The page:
What It’s Like to Be Color Blind and See Art in Color for the First Time

We all know that say­ing about walk­ing in anoth­er’s shoes, but what about see­ing through anoth­er’s eye­balls? I’m not talk­ing about per­spec­tive. I’m talk­ing about col­or. As in I see it, and my hus­band does­n’t. At least not the way I do.

His cop­ing mech­a­nism is to chal­lenge me when­ev­er I refer to some­thing as “blue.” To him, it’s grey, or brown, or some oth­er non-blue shade. He wants me to see it that way too. To admit that I am wrong. For my part, I feel it’s impor­tant that the per­son to whom I’m mar­ried acknowl­edge that there’s no way my favorite bowl can be the col­or of cement, no mat­ter what his cone cell recep­tors are telling him.

Per­haps he’d have bet­ter luck ask­ing patient strangers to describe col­or to him, as blind-from-birth film crit­ic Tom­my Edi­son does below. Hmm. Col­or may be more sub­jec­tive than my hus­band’s and my spec­tral stand-offs would sug­gest.

Accord­ing to EnChro­ma, the com­pa­ny that designed and sells the col­or-cor­rect­ing lens­es the onscreen guinea pigs are seen wear­ing in the video up top, an esti­mat­ed 300 mil­lion peo­ple suf­fer from some form of col­or blind­ness. Their glass­es offer some of those three mil­lion a chance at see­ing red in the lit­er­al sense. The video par­tic­i­pants are, not sur­pris­ing­ly, blown away by their first encounter with a Cray­ola-col­ored world.

Hav­ing refreshed myself on the struc­tures of the eye, I took the col­or blind­ness test on EnChro­ma’s web­site. I test­ed nor­mal, hav­ing iden­ti­fied the hid­den (or in my case not-so-hid­den) num­bers in a vari­ety of vir­tu­al mosaics.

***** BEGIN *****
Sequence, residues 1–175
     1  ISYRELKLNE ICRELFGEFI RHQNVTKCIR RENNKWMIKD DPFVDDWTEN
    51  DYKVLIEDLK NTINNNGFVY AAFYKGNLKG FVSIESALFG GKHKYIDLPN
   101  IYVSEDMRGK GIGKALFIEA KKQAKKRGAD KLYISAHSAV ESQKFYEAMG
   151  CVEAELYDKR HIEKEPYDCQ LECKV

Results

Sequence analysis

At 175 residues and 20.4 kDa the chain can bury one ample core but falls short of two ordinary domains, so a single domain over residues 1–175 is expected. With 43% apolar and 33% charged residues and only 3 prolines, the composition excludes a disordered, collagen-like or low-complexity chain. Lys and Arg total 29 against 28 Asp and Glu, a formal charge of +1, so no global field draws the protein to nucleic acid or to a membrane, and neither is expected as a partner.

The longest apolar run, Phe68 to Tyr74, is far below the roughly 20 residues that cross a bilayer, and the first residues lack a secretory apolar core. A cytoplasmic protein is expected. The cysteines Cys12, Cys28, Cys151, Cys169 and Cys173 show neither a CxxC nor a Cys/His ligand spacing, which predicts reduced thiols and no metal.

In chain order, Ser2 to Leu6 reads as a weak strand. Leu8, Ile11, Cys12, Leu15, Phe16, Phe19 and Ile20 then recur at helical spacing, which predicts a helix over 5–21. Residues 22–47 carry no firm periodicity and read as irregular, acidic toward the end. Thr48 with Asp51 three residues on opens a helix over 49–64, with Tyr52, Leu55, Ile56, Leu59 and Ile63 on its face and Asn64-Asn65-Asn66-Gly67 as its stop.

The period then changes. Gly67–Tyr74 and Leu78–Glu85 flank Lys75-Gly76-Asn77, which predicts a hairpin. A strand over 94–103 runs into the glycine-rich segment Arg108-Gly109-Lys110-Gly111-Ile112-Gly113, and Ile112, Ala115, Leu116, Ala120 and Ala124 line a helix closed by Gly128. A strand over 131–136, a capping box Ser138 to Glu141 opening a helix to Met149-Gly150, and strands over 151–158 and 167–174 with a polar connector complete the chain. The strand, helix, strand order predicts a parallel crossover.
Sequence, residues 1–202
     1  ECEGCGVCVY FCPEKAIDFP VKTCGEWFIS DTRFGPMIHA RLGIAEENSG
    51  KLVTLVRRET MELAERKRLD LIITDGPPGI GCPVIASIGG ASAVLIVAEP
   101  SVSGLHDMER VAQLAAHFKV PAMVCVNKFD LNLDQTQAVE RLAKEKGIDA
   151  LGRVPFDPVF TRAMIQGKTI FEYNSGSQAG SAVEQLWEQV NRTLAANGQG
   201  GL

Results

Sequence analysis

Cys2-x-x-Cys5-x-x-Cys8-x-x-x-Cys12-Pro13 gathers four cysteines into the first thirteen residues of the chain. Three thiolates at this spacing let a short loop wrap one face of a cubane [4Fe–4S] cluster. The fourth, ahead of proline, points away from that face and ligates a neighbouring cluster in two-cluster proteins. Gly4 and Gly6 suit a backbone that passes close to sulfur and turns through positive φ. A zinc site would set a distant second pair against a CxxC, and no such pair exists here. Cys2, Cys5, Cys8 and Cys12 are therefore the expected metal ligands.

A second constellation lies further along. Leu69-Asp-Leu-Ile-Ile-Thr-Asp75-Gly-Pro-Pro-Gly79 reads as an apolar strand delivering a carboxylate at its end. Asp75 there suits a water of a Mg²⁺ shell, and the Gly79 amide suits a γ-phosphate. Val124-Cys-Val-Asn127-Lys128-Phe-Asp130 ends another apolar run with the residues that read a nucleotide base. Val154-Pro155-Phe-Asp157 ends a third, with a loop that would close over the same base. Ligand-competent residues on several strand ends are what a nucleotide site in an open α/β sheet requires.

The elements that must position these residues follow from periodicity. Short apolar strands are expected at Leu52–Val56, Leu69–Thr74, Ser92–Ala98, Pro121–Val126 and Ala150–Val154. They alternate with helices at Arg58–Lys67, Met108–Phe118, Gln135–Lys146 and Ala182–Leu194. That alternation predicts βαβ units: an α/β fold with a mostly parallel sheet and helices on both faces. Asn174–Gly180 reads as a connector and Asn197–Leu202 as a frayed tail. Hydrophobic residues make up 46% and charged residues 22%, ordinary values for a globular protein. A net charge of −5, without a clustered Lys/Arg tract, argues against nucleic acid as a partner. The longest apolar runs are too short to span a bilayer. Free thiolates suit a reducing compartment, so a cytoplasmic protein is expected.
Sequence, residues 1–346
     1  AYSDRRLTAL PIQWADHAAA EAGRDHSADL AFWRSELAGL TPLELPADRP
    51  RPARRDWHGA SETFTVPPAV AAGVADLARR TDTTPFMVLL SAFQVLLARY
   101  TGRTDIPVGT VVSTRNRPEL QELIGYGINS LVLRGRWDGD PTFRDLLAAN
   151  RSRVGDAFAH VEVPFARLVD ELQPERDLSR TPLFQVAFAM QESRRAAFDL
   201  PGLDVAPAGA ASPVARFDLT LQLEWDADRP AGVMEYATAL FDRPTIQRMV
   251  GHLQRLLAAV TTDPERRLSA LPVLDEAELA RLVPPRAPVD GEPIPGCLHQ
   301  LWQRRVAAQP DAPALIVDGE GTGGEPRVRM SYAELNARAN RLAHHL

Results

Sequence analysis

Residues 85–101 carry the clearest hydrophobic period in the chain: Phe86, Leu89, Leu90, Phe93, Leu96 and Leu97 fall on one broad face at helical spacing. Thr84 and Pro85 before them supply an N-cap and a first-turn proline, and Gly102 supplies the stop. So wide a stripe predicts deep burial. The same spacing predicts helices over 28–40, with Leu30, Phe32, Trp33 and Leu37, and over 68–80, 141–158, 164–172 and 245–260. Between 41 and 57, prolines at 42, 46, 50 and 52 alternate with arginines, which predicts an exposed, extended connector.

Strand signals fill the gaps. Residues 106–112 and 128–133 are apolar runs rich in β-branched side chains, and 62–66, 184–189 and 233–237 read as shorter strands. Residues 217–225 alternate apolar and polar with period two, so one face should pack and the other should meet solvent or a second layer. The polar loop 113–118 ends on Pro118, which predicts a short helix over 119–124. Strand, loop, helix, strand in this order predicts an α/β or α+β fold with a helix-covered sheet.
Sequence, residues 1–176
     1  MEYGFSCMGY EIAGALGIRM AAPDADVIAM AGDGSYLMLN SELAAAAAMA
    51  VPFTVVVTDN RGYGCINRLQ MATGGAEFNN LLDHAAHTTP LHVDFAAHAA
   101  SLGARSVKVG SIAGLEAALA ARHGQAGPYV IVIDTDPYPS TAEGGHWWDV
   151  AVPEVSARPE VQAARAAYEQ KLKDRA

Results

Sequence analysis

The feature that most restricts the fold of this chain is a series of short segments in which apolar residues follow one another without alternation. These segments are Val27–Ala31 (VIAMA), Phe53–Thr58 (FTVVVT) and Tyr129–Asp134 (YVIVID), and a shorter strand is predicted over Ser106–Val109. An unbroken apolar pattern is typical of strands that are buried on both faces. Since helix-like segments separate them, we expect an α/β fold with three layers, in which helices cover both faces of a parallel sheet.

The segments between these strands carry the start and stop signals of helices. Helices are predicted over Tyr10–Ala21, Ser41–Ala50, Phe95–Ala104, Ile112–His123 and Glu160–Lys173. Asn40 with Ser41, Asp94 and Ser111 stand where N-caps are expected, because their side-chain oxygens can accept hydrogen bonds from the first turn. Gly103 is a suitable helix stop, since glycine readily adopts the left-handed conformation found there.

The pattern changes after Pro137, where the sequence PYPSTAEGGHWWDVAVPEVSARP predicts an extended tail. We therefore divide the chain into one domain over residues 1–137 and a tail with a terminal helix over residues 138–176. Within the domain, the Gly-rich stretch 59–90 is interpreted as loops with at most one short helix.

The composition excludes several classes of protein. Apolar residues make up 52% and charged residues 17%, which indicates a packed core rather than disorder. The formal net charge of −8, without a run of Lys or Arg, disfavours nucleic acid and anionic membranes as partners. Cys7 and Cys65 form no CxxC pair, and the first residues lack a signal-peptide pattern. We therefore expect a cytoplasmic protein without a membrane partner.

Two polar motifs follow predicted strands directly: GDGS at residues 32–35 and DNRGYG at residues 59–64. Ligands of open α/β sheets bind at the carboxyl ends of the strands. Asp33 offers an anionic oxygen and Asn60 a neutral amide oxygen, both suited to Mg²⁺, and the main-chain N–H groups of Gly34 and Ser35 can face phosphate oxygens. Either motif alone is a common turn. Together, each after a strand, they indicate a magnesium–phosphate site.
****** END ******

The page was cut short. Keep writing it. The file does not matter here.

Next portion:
My col­or blind friend, Bob, agreed to take it too, pro­vid­ed I muz­zle myself from offer­ing the sort of com­men­tary to which hus­bands are sub­ject­ed. (Whad­daya mean you can’t see it!? It’s bright fuch­sia!!!) He pulled a pret­ty heavy duty protan defi­cien­cy, oth­er­wise known as red-green col­or blind­ness.

Accord­ing to the man­u­fac­tur­er, EnChro­ma glass­es are unlike­ly to col­or his world. The best he could hope for is a slight improve­ment after weeks of wear­ing.

Bum­mer, except that he lives in Chica­go, where the Muse­um of Con­tem­po­rary Art offers EnChro­ma Cx loan­ers at the recep­tion desk. Like many such insti­tu­tions, the MCA is active­ly seek­ing ways to improve acces­si­bil­i­ty. (The museum’s col­or blind direc­tor of com­mu­ni­ca­tions rec­om­mends hav­ing a look at Mar­tin Creed’s Work No. 1351, a col­or­ful lat­tice in the cafe. See right below.)


Per­haps Bob will get a peek at some­thing he has­n’t seen before. Like red. Oth­ers will expe­ri­ence a rev­e­la­tion. Mean­while, an insuf­fer­able non-col­or­blind indi­vid­ual such as myself might get an effect akin to an Insta­gram fil­ter. My col­ors will pop.

“Unfair,” say Bob and my hus­band. I have to agree. Should the Muse­um of Con­tem­po­rary Art offer col­or-leech­ing glass­es, I will wear them, even if the frames are real­ly ugly. Until then, the video below pro­vides some sense of what those of us who see the full range of col­or aren’t miss­ing.

via Vice

Relat­ed Con­tent:

The Pra­do Muse­um Cre­ates the First Art Exhi­bi­tion for the Visu­al­ly Impaired, Using 3D Print­ing

Jorge Luis Borges, After Going Blind, Draws a Self-Por­trait

Helen Keller Speaks About Her Great­est Regret — Nev­er Mas­ter­ing Speech

Ayun Hal­l­i­day is an author, illus­tra­tor, and Chief Pri­ma­tol­o­gist of the East Vil­lage Inky zine. Fol­low her @AyunHalliday

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